Without a king, to see the end of time.
Similarly, Ralph Waldo Emerson in his essay “Self-Reliance” (1841) argues for the kind of self-confidence and self will that Jefferson displays in the Declaration: “Speak your latent conviction and it shall become the universal sense; for always the inmost becomes the outmost.”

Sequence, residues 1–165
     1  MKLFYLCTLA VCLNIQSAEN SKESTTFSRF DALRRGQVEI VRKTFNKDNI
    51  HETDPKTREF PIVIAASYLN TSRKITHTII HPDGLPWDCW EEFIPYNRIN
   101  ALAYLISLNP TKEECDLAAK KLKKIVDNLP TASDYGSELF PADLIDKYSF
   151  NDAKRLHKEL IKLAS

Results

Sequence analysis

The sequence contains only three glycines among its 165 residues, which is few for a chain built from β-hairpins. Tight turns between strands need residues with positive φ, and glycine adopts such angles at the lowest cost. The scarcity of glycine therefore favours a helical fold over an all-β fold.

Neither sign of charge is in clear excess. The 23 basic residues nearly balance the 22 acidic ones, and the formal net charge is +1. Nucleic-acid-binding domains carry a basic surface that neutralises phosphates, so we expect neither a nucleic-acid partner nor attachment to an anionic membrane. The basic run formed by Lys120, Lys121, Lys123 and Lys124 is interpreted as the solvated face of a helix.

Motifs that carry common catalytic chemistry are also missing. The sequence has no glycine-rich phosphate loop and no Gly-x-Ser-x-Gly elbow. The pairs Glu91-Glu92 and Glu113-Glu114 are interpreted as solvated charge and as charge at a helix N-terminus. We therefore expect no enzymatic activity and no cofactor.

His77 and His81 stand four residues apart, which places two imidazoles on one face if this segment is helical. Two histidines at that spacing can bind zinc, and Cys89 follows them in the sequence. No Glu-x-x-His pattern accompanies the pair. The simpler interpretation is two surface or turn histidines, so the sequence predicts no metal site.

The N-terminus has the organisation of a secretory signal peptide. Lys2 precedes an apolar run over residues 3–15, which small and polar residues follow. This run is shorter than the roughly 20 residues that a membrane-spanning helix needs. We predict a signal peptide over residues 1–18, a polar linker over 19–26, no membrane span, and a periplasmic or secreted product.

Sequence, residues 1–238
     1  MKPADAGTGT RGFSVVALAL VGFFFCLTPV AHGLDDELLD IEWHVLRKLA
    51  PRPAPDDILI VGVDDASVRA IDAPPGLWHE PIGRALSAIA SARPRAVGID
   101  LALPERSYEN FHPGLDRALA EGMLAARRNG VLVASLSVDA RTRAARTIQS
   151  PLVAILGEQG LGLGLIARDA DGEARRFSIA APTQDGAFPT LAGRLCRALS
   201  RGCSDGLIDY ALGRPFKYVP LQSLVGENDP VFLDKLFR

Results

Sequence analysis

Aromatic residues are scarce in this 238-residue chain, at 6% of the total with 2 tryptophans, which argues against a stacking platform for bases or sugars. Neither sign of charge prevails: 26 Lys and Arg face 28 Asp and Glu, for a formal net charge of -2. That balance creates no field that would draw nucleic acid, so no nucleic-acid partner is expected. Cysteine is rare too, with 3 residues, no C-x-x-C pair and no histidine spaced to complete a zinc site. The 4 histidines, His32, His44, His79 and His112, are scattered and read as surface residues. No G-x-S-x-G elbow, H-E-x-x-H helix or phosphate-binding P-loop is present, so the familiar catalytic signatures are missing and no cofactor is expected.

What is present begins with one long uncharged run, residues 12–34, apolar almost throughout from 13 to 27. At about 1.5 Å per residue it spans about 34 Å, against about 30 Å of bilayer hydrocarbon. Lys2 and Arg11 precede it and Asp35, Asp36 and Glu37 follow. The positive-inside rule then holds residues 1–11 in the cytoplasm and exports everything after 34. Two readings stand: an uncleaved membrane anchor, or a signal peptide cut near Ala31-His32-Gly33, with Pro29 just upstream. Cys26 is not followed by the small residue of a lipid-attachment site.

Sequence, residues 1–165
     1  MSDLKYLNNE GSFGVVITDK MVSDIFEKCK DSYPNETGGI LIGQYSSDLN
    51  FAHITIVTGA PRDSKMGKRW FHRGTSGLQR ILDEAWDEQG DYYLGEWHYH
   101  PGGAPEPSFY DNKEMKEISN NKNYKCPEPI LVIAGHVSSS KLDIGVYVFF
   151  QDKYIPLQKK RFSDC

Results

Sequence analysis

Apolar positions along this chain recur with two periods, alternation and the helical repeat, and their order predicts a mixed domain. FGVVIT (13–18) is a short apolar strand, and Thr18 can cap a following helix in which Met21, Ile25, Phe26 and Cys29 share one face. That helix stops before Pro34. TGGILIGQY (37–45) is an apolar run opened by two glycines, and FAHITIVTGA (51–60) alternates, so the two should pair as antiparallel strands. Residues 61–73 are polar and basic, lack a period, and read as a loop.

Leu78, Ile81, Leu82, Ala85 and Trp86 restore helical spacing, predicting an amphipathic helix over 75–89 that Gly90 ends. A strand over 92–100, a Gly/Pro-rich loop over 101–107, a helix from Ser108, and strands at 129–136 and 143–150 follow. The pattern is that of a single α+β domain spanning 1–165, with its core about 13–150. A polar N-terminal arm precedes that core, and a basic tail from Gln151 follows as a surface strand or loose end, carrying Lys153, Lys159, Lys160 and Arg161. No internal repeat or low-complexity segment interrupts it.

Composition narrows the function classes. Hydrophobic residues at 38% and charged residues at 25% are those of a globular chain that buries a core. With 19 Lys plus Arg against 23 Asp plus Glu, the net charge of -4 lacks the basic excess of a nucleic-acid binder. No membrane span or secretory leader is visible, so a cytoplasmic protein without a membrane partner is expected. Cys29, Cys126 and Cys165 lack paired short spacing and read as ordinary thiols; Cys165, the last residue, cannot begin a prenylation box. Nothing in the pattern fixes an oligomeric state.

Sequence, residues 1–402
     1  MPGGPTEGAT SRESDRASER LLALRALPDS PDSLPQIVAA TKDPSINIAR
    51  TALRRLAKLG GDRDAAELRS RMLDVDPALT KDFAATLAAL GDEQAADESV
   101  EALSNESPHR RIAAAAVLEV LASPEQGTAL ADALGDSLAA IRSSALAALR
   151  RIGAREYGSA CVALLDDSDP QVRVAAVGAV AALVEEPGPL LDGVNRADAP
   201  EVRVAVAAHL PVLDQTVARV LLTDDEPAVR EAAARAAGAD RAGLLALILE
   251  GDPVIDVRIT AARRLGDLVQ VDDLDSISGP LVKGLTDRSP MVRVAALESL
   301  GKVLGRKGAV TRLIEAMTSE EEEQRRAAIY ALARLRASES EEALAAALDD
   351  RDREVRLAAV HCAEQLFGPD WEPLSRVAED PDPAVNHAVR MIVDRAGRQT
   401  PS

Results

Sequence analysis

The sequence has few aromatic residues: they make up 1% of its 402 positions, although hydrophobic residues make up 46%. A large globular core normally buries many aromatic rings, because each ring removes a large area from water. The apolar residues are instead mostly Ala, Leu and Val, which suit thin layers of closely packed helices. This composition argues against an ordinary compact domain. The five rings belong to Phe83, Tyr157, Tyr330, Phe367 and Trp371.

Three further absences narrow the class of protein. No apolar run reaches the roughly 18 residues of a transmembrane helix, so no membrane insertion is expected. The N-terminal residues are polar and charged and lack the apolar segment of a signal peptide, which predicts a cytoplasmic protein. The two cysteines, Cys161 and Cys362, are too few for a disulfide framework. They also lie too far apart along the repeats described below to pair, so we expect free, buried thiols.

Consciously or otherwise the sentiment and ideals of the Declaration had an enormous influence on literary thinkers in the following two centuries, but because it is a political document aimed at resolving a specific issue Jefferson’s text does not explore, or even hint at, the problems that might lie in the future. It is left to writers such as Herman Melville, whose deranged seacaptain Ahab chases his dream for the wrong reasons, or Edith Wharton, whose characters often find that the pursuit of happiness leads to misery, to point out the limitations of the Jeffersonian ideal. Yet even when American writers are troubled by practical aspects of American life, the principle of declaring and maintaining independence remains strong. For example in his masterpiece “Howl” the Beat poet Allen Ginsberg made deliberate efforts to recapture the self-defining thrill of being alive that Whitman celebrates, and does so in a style that Whitman, and perhaps Jefferson, would have recognised, but he writes from the point of view of what he sees as social project gone awry. Similarly Joseph Heller’s Catch-22 is sceptical of authority, bureaucracy, and American capitalism, but Yossarian’s willingness to go his own way is a statement of confidence in Jeffersonian thinking; freedom and self-government are not always easy, but they are better than the alternative.